The one requirement from fairway bunkers is, hit the ball first. Catching even a little sand before the ball results in a shot that goes nowhere. So let’s tweak your technique with the goal of making clean contact.
First, a few setup adjustments. Grip down an inch to promote a steeper swing into the ball, and open the face to counteract the ball being slightly above your feet, which happens when you stand in the sand. Also, angle in your back foot so your weight favors your front side.
Next, swing the club back with an early (and full) wrist set, but restrict your hip rotation. A big hip turn can cause your feet to slide out of position, and that makes it tough to get your weight forward at impact. So restrict those hips, and be patient during the backswing—nerves might make you speed up.
Finally, focus on swinging your arms through while keeping your lower body quiet. Nothing will throw off your shot quicker than an aggressive leg drive coming down. Swing your arms smoothly past your body. That’s your best chance of making ball-first contact.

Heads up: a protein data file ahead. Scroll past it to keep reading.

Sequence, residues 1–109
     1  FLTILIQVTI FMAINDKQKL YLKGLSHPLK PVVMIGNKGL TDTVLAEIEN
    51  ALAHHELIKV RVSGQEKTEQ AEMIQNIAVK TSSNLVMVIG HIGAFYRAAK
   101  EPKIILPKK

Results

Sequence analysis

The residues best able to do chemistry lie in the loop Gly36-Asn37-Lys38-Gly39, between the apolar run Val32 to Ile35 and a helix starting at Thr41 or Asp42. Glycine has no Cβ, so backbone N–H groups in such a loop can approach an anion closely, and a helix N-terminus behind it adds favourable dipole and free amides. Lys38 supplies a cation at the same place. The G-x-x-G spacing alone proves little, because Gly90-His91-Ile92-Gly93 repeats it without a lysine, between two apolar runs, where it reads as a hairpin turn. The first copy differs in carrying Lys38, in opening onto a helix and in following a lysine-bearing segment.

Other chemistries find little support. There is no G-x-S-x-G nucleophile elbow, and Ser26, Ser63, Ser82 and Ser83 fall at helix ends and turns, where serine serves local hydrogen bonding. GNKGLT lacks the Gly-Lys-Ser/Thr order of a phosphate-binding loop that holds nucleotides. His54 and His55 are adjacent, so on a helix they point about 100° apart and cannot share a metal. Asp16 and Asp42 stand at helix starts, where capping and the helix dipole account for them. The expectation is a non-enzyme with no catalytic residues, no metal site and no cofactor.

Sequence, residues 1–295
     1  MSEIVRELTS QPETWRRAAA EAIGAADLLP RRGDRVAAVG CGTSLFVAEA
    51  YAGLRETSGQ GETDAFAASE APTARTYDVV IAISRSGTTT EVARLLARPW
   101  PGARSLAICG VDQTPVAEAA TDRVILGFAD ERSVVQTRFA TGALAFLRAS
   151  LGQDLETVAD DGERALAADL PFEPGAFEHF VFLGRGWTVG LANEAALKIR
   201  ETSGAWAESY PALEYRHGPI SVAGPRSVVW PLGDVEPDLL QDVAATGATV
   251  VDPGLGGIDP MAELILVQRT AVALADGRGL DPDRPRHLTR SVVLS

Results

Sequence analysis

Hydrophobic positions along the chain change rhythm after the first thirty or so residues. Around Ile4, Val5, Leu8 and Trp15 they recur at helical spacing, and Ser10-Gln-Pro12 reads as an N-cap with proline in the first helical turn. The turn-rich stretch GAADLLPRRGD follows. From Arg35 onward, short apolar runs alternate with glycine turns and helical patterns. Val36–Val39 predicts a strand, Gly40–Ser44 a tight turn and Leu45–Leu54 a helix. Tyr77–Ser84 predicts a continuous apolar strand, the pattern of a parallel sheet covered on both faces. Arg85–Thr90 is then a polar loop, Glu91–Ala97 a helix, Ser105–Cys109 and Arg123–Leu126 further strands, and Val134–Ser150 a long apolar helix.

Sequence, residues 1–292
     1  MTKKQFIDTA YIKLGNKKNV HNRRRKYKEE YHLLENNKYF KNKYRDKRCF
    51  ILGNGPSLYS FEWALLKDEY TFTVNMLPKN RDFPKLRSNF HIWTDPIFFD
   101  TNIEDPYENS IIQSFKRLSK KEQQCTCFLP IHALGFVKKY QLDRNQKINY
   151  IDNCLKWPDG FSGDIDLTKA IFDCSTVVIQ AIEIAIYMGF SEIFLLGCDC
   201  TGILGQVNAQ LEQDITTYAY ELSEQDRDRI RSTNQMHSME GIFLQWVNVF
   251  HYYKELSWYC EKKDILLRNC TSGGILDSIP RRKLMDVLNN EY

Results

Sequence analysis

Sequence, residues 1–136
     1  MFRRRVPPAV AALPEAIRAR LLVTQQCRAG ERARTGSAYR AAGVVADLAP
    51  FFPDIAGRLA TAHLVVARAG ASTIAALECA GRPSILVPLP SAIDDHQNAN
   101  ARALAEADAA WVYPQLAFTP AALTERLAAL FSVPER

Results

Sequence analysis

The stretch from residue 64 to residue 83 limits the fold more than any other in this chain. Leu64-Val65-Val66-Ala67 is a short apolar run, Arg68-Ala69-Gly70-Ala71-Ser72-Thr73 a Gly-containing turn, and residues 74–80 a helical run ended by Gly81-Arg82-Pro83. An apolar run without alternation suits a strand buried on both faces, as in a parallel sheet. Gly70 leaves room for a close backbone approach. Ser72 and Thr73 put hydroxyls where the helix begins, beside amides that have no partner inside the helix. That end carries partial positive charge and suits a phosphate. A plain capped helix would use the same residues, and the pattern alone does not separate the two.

You’ve heard that hybrids are great out of fairway bunkers. Don’t believe it. Here’s my take on the subject in four parts:
The longer shafts on hybrids create a more rounded swing, but in the sand, you need a steeper swing.
Swinging a bigger club encourages more hip turn (you want less).
Hybrids are designed to hit the ball long distances; you just need to get back in play.
I know some of you will hit them anyway. If you do, make sure you open the clubface, as we talked about, and aim a little left to compensate. (Now forget I told you that!)